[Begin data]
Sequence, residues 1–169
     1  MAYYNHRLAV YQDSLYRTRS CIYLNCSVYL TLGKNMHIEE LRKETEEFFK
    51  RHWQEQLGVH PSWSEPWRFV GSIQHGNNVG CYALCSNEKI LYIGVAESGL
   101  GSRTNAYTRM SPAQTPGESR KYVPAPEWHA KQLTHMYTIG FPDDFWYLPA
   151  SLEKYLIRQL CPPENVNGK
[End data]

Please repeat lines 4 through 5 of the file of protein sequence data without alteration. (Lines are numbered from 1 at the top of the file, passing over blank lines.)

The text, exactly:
   101  GSRTNAYTRM SPAQTPGESR KYVPAPEWHA KQLTHMYTIG FPDDFWYLPA
   151  SLEKYLIRQL CPPENVNGK